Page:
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SpaceWeather.com -- News and information about meteor showers, solar flares, auroras, and near-Earth asteroids
 
Solar wind
speed: 527.9 km/sec
density: 4.2 protons/cm3
explanation | more data
Updated: Today at 2350 UT
X-ray Solar Flares
6-hr max: B8
1917 UT Dec24
24-hr: M1
0212 UT Dec24
explanation | more data
Updated: Today at: 2300 UT
Daily Sun: 24 Dec 15
Sunspot AR2473 has a 'beta-gamma' magnetic field that harbors energy for strong M-class solar flares. Credit: SDO/HMI

Sunspot number: 63
What is the sunspot number?
Updated 24 Dec 2015

Spotless Days
Current Stretch: 0 days
2015 total: 0 days (0%)

2014 total: 1 day (<1%)
2013 total: 0 days (0%)
2012 total: 0 days (0%)
2011 total: 2 days (<1%)
2010 total: 51 days (14%)
2009 total: 260 days (71%)

Updated 24 Dec 2015


The Radio Sun
10.7 cm flux: 134 sfu
explanation | more data
Updated 24 Dec 2015

Current Auroral Oval:
Switch to: Europe, USA, New Zealand, Antarctica
Credit: NOAA/Ovation
Planetary K-index
Now: Kp= 3 quiet
24-hr max: Kp= 3
quiet
explanation | more data
Interplanetary Mag. Field
Btotal: 6.8 nT
Bz: 2.3 nT north
explanation | more data
Updated: Today at 2350 UT
Coronal Holes: 24 Dec 15

A stream of solar wind flowing from this southern coronal hole could brush against Earth's magnetic field as early as Dec. 24-25. Credit: SDO/AIA.
Noctilucent Clouds The southern season for noctilucent clouds is about to begin. Monitor the daily daisies, below, from NASA's AIM spacecraft for the first wisps of electric blue above Antarctica.
Switch view: Ross Ice Shelf, Antarctic Peninsula, East Antarctica, Polar
Updated at: 12-24-2015 17:55:02
SPACE WEATHER
NOAA Forecasts
Updated at: 2015 Dec 24 2200 UTC
FLARE
0-24 hr
24-48 hr
CLASS M
45 %
45 %
CLASS X
10 %
10 %
Geomagnetic Storms:
Probabilities for significant disturbances in Earth's magnetic field are given for three activity levels: active, minor storm, severe storm
Updated at: 2015 Dec 24 2200 UTC
Mid-latitudes
0-24 hr
24-48 hr
ACTIVE
20 %
15 %
MINOR
05 %
05 %
SEVERE
01 %
01 %
High latitudes
0-24 hr
24-48 hr
ACTIVE
20 %
20 %
MINOR
25 %
25 %
SEVERE
25 %
20 %
 
Thursday, Dec. 24, 2015
What's up in space
 

Marianne's Heaven On Earth Aurora Chaser Tours Chasethelighttours.co.uk invites you to join them in their quest to find and photograph the Aurora Borealis. Experience the winter wonderland in the Tromsø Area.

 
Chase the Light Tours

CHRISTMAS FULL MOON: Santa can turn off his headlamp. Why? Because the Moon will be full on Christmas. The last time the full Moon fell on Dec. 25th was 1977, and it won't happen again until 2034. That makes the Christmas Full Moon of 2015 a rare event. Enjoy the holiday moonlight. [photo gallery]

FULL MOON HALOS: The Moon is waxing full, and there is a chill in the air. That means it's time to be alert for icy Moon halos. Aurora tour guide Marketa S. Murray photographed this specimen on Dec. 22nd over Alaska's Denali National Park:

"We drove 2.5 hours to find a patch of clear sky, but it was worth every minute of it to see the auroras and the Moon halo together," says Murray.

Moon halos are created by ice crystals in high clouds, which catch rays of moonlight and bend them into a 22o ring. Bright full Moons are great at making these halos--and you don't have to be in Alaska to see them. The ice crystals that create them float 5 km to 10 km above the ground; those altitudes are always freezing, everywhere in the world.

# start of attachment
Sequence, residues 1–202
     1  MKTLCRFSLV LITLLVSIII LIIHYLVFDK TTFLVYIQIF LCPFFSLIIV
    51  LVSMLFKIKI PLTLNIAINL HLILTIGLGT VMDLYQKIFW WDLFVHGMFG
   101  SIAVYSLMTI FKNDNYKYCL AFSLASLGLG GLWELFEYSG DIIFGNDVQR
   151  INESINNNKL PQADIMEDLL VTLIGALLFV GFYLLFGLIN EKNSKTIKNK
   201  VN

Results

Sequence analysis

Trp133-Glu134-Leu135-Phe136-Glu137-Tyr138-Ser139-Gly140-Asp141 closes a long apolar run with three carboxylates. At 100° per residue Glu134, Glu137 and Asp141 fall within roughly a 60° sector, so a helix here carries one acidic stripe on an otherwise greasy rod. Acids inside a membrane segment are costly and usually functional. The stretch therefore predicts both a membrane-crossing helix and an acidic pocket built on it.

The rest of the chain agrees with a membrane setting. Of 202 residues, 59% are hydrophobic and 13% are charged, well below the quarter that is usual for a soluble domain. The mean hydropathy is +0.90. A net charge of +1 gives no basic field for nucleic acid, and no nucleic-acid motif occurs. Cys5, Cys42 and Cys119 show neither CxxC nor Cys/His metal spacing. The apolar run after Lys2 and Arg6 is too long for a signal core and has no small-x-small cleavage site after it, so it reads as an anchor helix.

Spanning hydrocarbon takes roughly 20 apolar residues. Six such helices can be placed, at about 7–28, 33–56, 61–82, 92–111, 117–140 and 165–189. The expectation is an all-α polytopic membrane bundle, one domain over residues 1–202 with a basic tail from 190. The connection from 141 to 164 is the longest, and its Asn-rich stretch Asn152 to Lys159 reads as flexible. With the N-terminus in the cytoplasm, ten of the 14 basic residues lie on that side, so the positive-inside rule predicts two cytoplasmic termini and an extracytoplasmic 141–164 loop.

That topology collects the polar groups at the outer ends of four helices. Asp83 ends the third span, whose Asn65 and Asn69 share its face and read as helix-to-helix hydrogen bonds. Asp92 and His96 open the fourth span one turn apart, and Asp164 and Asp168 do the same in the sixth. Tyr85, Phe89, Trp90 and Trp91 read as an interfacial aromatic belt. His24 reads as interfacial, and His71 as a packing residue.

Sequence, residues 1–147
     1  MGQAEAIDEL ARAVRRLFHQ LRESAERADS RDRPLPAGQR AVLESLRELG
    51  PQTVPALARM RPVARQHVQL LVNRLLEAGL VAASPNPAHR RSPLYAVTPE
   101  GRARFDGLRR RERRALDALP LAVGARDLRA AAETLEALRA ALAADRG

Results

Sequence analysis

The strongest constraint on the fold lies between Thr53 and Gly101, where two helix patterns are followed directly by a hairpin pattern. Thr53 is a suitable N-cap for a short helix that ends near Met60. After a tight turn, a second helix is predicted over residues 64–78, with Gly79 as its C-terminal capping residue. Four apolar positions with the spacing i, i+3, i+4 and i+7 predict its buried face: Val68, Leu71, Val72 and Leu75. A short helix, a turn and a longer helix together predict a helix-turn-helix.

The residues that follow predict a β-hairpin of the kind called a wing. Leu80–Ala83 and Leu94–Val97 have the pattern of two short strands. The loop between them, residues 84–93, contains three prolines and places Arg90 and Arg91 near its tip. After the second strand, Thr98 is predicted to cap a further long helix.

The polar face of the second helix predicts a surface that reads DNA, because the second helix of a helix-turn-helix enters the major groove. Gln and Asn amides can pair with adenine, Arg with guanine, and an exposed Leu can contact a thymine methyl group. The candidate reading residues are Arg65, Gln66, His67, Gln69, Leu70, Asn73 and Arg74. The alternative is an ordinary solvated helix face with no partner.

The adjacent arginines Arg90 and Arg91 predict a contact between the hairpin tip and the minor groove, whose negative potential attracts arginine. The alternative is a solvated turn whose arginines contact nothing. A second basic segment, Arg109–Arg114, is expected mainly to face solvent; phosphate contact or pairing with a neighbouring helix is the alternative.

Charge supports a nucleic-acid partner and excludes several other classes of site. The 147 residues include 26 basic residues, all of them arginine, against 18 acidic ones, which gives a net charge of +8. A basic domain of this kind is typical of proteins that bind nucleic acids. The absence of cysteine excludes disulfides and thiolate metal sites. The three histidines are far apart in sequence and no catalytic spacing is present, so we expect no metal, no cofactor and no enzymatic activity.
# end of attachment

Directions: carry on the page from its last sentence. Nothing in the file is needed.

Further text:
Realtime Spaceweather Photo Gallery

SOLAR FLARE AND RADIO BLACKOUT: In the past 24 hours, sunspot AR2473 has more than quadrupled in size. On Dec. 23rd (00:40 UT) it erupted, producing an M4-class solar flare. NASA's Solar Dynamics Observatory recorded the extreme ultraviolet flash:

UV radiation from the flare bathed the top of Earth's atmosphere, ionizing atoms and molecules, and altering the normal propagation of radio transmissions. Around the South Pacific Ocean, where the sun was high in the sky, a full-fledged shortwave radio blackout occured. This map from NOAA shows the affected area:

The type of people who would notice such a blackout are ham radio operators, mariners, and some aviators who use shortwave radio in their work. The event lasted approximately half an hour.

More flares and blackouts are possible in the days ahead as AR2374 turns toward Earth. NOAA forecasters estimate a 45% chance of M-class explosions on Dec. 23-24. Solar flare alerts: text or voice

Realtime Spaceweather Photo Gallery

LAST-MINUTE, OUT-OF-THIS-WORLD CHRISTMAS GIFT: Is there a young scientist in your life? For Christmas, you can give them the gift of exploration--specifically, a trip to the edge of space:

To raise funds for its student research program, Earth to Sky Calculus is selling a limited number of Holiday Season balloon flights carrying ... whatever you desire. Small experiments. Holiday or anniversary photos. Business advertisements. The sky is the limit. Young people receiving this gift can design their own experiment and attend the launch via Skype. The gift includes a brainstorming session via Skype with Dr. Tony Phillips and the students of Earth to Sky. Cost: $500. Buy now and receive the certificate by email in time for Christmas. Contact Dr. Tony Phillips to book your flight.